Some Conservatives Tried to Sabotage an LGBT Group, But Accidentally Donated $32,500


Since 2010, the Australian LGBT youth organization Minus18 has held an annual Same Sex Gender Diverse Formal for "gender diverse and same sex attracted" students from all over the country. When the conservative group Stop Safe Schools Coalition found the event, however, they urged their Facebook followers to sabotage it. But their ill-conceived method of doing so actually resulted in tens of thousands of dollars of donations to the LGBT group.

"Imagine being told by your school that the clothes you feel comfortable wearing to a formal aren't considered 'normal' or don't conform to a dress code," Minus18 wrote of its mission on a fundraising page for the formal launched. "Imagine not being allowed to take a partner of the same sex, or being too afraid to attend altogether. It's a sucky reality for gender-diverse and same-sex-attracted students from all over Australia, who are bullied or made to feel unsupported because of their identity."


The Gender Diverse Formal seeks to allow attendees to "feel safe, included and be themselves," and is raising funds to sponsor attendees unable to afford the ticket cost so that the event is as inclusive as possible.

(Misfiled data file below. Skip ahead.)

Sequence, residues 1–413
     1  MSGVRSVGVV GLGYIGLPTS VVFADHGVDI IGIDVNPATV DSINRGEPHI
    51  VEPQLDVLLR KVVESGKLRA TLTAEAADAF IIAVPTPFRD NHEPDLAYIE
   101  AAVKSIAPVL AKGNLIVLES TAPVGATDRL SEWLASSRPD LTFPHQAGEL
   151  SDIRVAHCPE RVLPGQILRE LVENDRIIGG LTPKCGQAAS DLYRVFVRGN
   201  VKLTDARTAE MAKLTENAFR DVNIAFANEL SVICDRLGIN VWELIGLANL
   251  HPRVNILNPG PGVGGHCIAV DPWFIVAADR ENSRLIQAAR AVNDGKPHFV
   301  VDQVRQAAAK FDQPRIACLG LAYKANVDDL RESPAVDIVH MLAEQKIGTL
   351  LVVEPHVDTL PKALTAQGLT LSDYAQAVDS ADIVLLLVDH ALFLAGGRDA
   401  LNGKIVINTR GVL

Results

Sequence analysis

But when the Stop Safe Schools Coalition, an organization that opposes the Australian Government's LGBT friendly "Safe Schools Coalition," caught wind of the LGBTQ group's efforts, they urged their hundreds of followers to act. 

"Stop this madness before it consumes every area of education and all your child gets at school is indoctrination not education," the group wrote in a Feb. 12 Facebook post. The next day, they encouraged followers to buy tickets to the event, reasoning that because tickets are non-refundable, "the more tickets sold to us, the more youth we protect," the post said.


What the group didn't realize was that ticket funds go not just toward the formal costs, but also support the organization at large. By Friday morning, the group had raised $32,500 — well surpassing its original goal of about $10,000 — and effectively sending "a really strong message" that "LGBTI young people deserve to feel included and safe," Micah Scott, chief executive of Minus18, told the Guardian.

Studies show that safety and inclusion are of much concern to Australian youth. According to the Australian Human Rights Commission, 61% of LGBTI youth in the nation experience verbal homophobic abuse and 80% of homophobic bullying occurs among youth at schools. Of course, it's a problem that extends well beyond Australia: In the United States, for example, as much as 40% of homeless youth have identified as part of the LGBT community, and homeless LGBT youth report leaving home due primarily to family rejection, according to a study by the Williams Institute.

And that's exactly why efforts like Minus18's dance are so important. As the group summarized of this series of events on their fundraiser page, "We won't let hate win! Keep sharing and letting LGBTI youth know they're loved, supported, and deserve an an amazing night to be themselves!"

h/t Business Insider